Jool In the Crown: Jool is still on Moya when she is sucked down the wormhole, but Moya was intending to help her find her home world. She hugs Chiana as Talyn is laid to rest, and gives sage advice to Aeryn too—never has she been so personable and nice.
In The Driving Seat: Pilot is unable to persuade Moya to back down in the face of the rogue Leviathans attacks, and at one point Moya takes control herself.
Hi, Harvey: ‘Having chosen our partnership above all else, your well-being is now irrevocably mine.’ Harvey pops up to unlock John’s subconscious memory of the old woman’s revelation and then vanishes again having given John his gift.
A Ship, A Living Ship!: Moya explicitly asks her crew to kill another Leviathan so that Talyn can be laid to rest. This ruthlessness is surprising, but is much admired, at least by Rygel. Chiana once asked Zhaan how she managed to get on with Moya so well, and Zhaan replied that the secret was just to be completely honest at all times. Moya is by no means the largest Leviathan out there—the rogue is much bigger.
Big Baby: Rygel: ‘Talyn was special, a joy his mother and a credit to his species, both of them. With fondness we lay Talyn, offspring of Moya, to rest in his sacred ground.’ There’s very little of Talyn left when he’s dumped in the sacred space, but we can be pretty sure that he didn’t survive the StarBurst on the Command Carrier—no surprise returns from the dead for he and Crais, they’re definitively toast.
The Ballad Of Aeryn And John: As Aeryn is packing her Prowler, he tells her that he’s coming with her and provokes a fierce confrontation:
AERYN: I’m afraid it’s not that easy for me, you see you died, I watched that happen, and yet you’re still alive. I have to go…. Guarantee you won’t die in my arms again.
JOHN: Guarantee me you won’t die in mine!
AERYN: I can, by leaving!
His anger at being called Crichton spills out and he tells her to call him John, and tells her that this time she has to say goodbye because if she goes, it’s the last time they’ll ever see each other. There’s shouting, shoving, tears…. He kisses her and she says it tastes of yesterday, and he all but gives up because he can’t compete with a perfect dead version of himself.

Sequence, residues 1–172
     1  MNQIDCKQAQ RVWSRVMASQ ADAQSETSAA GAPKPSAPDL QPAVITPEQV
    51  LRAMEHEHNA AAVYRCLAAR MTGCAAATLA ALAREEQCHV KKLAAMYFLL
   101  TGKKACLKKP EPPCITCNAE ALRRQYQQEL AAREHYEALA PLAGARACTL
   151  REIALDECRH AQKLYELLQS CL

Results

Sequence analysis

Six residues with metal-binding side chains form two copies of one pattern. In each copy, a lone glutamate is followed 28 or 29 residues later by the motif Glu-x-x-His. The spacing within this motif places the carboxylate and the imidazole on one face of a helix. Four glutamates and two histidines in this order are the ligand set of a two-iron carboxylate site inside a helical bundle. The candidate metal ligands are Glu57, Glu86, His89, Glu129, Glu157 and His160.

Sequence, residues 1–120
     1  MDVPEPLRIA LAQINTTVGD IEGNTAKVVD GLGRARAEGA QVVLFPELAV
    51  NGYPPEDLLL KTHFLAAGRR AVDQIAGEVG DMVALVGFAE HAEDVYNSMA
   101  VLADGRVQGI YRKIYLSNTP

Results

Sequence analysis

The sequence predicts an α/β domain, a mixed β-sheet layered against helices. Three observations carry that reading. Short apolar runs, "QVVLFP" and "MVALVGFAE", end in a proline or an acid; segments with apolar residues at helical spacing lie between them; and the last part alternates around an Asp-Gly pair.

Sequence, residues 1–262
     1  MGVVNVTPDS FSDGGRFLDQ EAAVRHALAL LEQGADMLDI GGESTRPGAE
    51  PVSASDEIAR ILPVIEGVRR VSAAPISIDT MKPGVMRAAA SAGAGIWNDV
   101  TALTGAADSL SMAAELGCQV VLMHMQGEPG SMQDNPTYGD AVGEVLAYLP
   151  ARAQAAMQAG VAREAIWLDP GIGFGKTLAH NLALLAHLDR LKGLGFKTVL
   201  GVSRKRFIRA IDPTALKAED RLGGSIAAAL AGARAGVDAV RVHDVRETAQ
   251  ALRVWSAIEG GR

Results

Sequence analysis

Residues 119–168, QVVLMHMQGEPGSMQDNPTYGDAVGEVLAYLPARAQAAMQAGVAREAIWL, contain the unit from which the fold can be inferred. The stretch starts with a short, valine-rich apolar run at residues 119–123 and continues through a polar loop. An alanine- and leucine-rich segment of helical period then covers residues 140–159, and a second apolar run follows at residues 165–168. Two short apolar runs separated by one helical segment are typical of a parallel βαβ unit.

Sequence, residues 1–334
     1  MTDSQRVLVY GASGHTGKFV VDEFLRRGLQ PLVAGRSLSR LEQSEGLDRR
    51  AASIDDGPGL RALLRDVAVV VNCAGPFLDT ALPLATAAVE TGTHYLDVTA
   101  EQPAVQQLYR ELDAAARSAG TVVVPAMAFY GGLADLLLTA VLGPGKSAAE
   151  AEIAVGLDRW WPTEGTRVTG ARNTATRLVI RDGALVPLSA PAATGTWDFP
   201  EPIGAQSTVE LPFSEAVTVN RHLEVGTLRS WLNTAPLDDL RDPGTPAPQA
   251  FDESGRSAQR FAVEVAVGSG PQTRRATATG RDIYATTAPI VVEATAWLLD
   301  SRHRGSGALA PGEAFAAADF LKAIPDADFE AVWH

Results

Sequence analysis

AERYN: You once said it was as if the fates meant for us to be together.
JOHN: Yeah, I believe that.
AERYN: Then if that’s true we will be together again.
JOHN: Running away is not fate, Aeryn. Running away is running away.
He says that if fate is so important they should toss a coin. Aeryn protests that it is too late for her to go back to who she was.
AERYN: Do you love Aeryn Sun.
JOHN: Beyond hope.
AERYN: Then don’t make me say goodbye and don’t make me stay.
But then she thinks again, and so they toss a coin…
AERYN: We’re in the hands of fate now; we have to trust in that. Fly safe. Goodbye, John Crichton.
Alien Encounters: The old woman is some kind of shaman, and has a third eye in the middle of her forehead, a standard symbol of second sight. She was a PK prisoner aboard the Command Carrier and stays aboard to repay the crew for freeing her. She's unnamed at this point, but we will come to know her as Noranti. She’s still on Moya when the ship is wormholed, so we can expect her to crop up again next season.
Get Frelled: John’s dreams of Chiana on Earth involve her sleeping her way through all his friends and, yeuch, his dad! Dream D’Argo also gets lucky, with two babes, at John’s imaginary wedding.